Friday, April 20, 2012
1. I was amused when I read John C. Dvorak's rant about Google's Larry Page, the latest CEO to proclaim that his company is going to "act like a startup". I also found intriguing the following idea:
... What needs to be done is for the company to get people enthused about the outstanding ancillary products. And by this, I do not mean the Google+ Facebook competitor.Not that I'm a big user of navigation systems, but I'd certainly appreciate being able to do more than just mute the ones that are currently out there to make them less annoying to use.
I'm referring to its navigation system, for starters. The Google turn-by-turn navigation system combined with its street-level photos has no peer. If this was sold as a stand-alone product to compete with Tom-Tom, Garmin and Magellan it would probably ruin those companies overnight.
Why someone doesn't take this software and put it on a 7-inch tablet? It should be sold as a navigation system, because Google is promoting it poorly. [link dropped]
2. Could Microsoft have created the iPhone first? According to a recent story about its former CTO, it seems so.
In 1991, [Nathan] Myhrvold predicted the emergence of the iPhone down to the smallest detail, describing a "digital wallet" that would consolidate all personal communication -- telephone, schedule manager, notepad, contacts, and a library of music and books, all in one. It would record and archive everything you asked it to, he surmised. "The cost will not be very high," he wrote. "It is pretty easy to imagine a $400 to $1,000 retail price." Microsoft, however, was too cost conscious and risk averse to execute Myhrvold's vision. "Hey, it was better than predicting the wrong thing," Myhrvold says now.The article at the link mentions that Myrhvold is the author or "a bestselling six-volume cookbook". I hadn't heard of that, so I looked it up.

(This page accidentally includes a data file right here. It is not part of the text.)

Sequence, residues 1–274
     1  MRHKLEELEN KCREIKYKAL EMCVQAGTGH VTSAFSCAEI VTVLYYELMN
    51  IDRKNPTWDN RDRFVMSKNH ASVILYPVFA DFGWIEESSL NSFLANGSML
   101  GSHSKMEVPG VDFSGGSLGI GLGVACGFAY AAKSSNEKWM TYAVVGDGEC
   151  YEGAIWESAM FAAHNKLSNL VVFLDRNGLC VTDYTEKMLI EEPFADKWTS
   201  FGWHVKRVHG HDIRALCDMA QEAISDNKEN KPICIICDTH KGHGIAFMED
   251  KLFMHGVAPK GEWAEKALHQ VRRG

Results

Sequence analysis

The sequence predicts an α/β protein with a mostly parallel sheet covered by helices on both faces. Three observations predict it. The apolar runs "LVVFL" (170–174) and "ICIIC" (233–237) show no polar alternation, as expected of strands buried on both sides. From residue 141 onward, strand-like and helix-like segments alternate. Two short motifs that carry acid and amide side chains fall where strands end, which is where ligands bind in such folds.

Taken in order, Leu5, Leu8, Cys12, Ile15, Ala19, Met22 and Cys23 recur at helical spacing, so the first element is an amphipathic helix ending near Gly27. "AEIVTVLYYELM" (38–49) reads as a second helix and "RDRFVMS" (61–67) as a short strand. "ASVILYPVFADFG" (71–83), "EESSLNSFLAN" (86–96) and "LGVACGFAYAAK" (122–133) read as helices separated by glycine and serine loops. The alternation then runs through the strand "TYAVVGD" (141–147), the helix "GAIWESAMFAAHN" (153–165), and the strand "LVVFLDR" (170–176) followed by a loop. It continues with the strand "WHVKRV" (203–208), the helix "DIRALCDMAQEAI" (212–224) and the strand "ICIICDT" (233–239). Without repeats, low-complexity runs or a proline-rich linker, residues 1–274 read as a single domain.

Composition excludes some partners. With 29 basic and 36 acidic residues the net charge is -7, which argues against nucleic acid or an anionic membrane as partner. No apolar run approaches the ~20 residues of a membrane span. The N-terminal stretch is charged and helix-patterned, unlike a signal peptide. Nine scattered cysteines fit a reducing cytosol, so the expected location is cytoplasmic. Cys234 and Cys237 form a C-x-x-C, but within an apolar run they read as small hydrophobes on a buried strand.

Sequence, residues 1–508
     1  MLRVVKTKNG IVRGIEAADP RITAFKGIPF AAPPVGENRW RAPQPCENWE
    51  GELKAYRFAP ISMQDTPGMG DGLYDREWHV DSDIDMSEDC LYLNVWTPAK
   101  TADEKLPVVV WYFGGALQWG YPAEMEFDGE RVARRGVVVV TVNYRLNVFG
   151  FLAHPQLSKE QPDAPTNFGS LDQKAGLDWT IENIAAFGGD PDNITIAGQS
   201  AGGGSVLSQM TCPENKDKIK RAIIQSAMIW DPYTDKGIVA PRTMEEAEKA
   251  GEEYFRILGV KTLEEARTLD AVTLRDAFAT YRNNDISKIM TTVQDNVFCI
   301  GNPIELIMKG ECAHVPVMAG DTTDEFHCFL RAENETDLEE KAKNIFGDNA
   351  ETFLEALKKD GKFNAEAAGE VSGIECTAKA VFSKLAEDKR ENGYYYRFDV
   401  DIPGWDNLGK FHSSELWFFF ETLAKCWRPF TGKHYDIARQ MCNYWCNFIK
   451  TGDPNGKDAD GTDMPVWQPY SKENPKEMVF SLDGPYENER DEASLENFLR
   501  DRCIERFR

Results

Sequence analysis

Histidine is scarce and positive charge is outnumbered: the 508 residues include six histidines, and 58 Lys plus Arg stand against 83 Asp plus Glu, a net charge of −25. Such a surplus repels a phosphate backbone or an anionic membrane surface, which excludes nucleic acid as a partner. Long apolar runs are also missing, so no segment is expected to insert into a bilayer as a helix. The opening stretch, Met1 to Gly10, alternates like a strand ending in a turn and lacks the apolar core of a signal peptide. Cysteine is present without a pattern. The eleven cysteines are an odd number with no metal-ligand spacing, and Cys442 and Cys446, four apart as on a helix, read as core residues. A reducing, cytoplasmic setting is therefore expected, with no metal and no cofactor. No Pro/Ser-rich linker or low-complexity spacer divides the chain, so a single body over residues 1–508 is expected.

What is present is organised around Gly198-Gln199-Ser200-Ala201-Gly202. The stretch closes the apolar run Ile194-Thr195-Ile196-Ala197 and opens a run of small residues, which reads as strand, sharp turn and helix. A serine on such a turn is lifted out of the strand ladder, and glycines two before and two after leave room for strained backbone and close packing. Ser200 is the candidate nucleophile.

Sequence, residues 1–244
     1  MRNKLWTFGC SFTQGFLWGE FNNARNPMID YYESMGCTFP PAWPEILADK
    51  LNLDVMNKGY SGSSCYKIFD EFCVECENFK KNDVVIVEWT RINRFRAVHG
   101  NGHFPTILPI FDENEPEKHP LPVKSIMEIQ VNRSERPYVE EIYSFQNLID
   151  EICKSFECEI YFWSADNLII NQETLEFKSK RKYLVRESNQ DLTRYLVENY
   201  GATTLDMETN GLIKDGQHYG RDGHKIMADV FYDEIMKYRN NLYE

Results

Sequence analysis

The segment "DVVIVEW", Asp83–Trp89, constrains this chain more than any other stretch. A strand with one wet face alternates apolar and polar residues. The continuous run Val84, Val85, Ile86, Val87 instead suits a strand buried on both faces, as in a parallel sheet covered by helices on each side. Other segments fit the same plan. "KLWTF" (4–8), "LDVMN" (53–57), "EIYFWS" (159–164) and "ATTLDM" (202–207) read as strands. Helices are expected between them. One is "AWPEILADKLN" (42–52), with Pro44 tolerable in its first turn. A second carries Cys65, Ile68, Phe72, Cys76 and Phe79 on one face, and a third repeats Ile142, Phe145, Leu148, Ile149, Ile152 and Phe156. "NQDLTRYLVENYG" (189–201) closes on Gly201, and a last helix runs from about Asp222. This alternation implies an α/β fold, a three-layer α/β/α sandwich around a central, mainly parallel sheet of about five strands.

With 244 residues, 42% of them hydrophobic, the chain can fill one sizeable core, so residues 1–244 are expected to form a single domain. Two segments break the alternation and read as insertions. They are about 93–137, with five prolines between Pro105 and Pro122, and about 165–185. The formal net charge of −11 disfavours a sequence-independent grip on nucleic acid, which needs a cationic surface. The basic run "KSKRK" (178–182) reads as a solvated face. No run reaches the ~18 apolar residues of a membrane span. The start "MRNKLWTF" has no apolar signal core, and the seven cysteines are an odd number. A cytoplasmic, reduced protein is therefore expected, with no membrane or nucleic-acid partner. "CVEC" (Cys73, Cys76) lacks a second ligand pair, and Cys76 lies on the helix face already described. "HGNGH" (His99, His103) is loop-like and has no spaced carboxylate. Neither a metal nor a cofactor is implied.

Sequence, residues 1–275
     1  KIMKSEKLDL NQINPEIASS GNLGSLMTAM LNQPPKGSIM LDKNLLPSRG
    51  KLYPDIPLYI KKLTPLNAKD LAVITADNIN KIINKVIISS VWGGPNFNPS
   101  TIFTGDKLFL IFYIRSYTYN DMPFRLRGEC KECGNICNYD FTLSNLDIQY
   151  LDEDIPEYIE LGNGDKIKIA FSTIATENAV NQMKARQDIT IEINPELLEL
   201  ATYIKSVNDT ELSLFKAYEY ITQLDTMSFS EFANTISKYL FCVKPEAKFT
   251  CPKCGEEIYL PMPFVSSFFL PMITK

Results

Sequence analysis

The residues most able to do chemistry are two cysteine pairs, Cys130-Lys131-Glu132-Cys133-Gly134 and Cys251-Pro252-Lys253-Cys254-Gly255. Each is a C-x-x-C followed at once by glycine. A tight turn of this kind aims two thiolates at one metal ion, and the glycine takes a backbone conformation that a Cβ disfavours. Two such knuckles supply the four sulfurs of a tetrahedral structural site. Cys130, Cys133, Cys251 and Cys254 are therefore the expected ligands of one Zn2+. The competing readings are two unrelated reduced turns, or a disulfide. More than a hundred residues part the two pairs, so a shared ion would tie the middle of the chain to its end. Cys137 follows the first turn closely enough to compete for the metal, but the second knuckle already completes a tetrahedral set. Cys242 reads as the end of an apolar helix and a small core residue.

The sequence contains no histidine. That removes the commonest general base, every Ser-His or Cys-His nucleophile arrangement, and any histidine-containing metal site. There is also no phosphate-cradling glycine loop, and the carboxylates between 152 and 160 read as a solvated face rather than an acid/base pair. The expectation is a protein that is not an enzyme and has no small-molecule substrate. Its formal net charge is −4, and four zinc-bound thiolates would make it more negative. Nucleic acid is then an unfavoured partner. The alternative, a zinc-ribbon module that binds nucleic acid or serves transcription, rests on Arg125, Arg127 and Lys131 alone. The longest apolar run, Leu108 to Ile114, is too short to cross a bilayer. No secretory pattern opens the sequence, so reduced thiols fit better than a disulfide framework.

3. Parenthood has introduced me to a small handful of sporting and repetitive stress injuries I'd never experienced: a sprained wrist, stiffness in the neck, and a shin splint, so far, at various points. The last of these caused me to become intrigued by a piece about a way to resolve shin splints I found at Lifehacker.
I got my shin splints to resolve in a few weeks by remembering not to bend my ankle when I walked, but I might try this if I get them again, since it claims to resolve them within a week. That said, the author wisely cautions:
The usual disclaimer applies: Everyone's body is different, and if you feel like you're injuring yourself, stop and see a doctor or physical therapist. You may have something else that could require calf stretching, calf raises, shin stretching, or standing on tennis balls to do mid-foot stretching. Some people are told to walk around on their heels, but it seems that this would cause impact and stress on the knees. Really, I've never seen the toe raising exercise fail when performed properly, daily.I'll keep that in mind, and ask now whether anyone here has tried this. I am particularly interested in hearing from anyone for whom this did not work or made his shin splints worse.
4. Is buying a used car online about to get easier? It looks like it:
[Carsabi] scrapes listing and image data from Craigslist (and other sites, like eBay Motors), adding "approximately 17,971 new listings per day." That translates to about 1.5TB of crawled data every 24 hours. The site aims to do for used car sales what's been happening for years on AirBnB, Padmapper, and other sites that take online data and apply it to real-world, high-value objects and services. In just a few months of service, Carsabi seems poised to upend used car sales. (And, you can filter for only clean titles!)We'll be in the market for a car later this year, so this comes as good news.